because they have so easy and cheap a remedy at hand. And therefore I wonder not that among infidels (who, after baptism, apostatize to deny the holy scriptures, and the immortality of the soul, and the life to come,) and among common swearers, and cursers, and whoremongers, and drunkards, the papists find their labours most successful, and that no fish will so easily take their bait : nor do I wonder that it is a point of the popish faith that none but the children of the devil, that are void of the love of God, and are unjustified, can possibly turn papists. (For they tell us that all are such till they are papists; saving that they are many of them for the salvation of heathens.) A poor wretch that is captivated to his odious lusts, and goes under a galled accusing conscience, will be content to take a popish cure, and quiet his soul with a few compliments, and formalities. But to bring one of these men to a thorough conversion, to a true humiliation, to a deep hatred of all sin, and a love of holiness, to close with Christ as his only refuge from the wrath of God, and to give up himself without any reservation, and all that he hath to the will and service of the Lord, to love God as his portion, and the infinite transcendent good; to take all the honour and riches of the world as loss and dung, and use all in due subserviency to everlasting happiness; to crucify the flesh, and mortify all his earthly inclinations, and live a life of self-denial, and to walk with God, and serve him as a Spirit, in spirit and in truth, and to keep a watch over thoughts, affections, words, and deeds, to live by faith upon a world and happiness that is to us.unseen; and to live in preparation for their death, and wait in hope to live with Christ; this is Christianity and true religion; and this is it that they will not so easily be brought to. It is easier to make an hundred papists than one true regenerate Christian.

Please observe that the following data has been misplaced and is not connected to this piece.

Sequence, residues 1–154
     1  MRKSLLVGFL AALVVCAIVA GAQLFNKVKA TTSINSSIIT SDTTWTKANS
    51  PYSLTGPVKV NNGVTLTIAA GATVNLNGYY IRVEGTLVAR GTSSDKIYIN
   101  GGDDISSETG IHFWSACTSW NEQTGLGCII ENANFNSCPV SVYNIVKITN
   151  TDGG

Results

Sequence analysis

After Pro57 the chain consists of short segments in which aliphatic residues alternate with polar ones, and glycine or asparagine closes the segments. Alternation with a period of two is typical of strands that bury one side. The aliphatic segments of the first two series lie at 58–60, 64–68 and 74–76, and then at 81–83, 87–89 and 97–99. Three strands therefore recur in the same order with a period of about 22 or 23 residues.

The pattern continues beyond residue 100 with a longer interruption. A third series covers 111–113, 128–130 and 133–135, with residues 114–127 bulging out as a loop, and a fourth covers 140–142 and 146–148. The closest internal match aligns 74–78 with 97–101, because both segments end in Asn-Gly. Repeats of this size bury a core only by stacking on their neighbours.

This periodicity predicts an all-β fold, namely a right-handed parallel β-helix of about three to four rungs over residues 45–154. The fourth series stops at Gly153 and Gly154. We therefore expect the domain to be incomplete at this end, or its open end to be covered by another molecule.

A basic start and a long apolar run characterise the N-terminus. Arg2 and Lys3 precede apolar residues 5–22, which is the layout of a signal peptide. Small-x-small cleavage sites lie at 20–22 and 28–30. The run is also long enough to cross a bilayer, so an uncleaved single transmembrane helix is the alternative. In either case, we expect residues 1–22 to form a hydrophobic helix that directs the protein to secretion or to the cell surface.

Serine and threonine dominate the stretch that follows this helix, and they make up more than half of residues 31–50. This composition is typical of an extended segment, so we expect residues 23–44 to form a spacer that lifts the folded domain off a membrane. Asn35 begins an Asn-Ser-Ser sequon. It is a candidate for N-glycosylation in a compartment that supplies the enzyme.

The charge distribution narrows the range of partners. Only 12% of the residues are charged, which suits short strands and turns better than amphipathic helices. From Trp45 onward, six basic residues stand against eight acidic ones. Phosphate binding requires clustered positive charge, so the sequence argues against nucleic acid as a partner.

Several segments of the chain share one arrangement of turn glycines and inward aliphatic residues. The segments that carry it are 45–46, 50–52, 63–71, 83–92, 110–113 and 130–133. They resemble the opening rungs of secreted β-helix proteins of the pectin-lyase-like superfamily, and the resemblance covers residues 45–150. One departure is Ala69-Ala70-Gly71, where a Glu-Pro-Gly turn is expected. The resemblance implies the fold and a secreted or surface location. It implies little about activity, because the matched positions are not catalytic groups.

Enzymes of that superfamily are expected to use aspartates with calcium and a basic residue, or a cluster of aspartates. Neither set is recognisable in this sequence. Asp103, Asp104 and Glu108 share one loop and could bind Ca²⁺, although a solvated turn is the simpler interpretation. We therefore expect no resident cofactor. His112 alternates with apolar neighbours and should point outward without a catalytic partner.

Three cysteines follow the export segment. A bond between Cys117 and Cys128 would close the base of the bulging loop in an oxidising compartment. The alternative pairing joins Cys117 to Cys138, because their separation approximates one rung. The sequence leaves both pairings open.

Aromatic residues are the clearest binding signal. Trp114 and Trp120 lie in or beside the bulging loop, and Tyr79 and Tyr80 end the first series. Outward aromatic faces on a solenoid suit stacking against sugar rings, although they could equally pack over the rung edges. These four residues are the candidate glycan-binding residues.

Children can make them a baby of clouts; and the statuary can make a man of alabaster or stone : but none can give life, which is essential to a man indeed, but God. There needeth the Spirit of the living God, by a supernatural operation, and a kind of new creation to make a man a real holy christian. But to bring a man to make such a congée, or wear such a vesture, or say such and such words, and make to himself a mimical religion, this may be done, without any such supernatural work. Otherefore take heed of cheating your souls by hypocritical formalities, instead of the life and power of religion.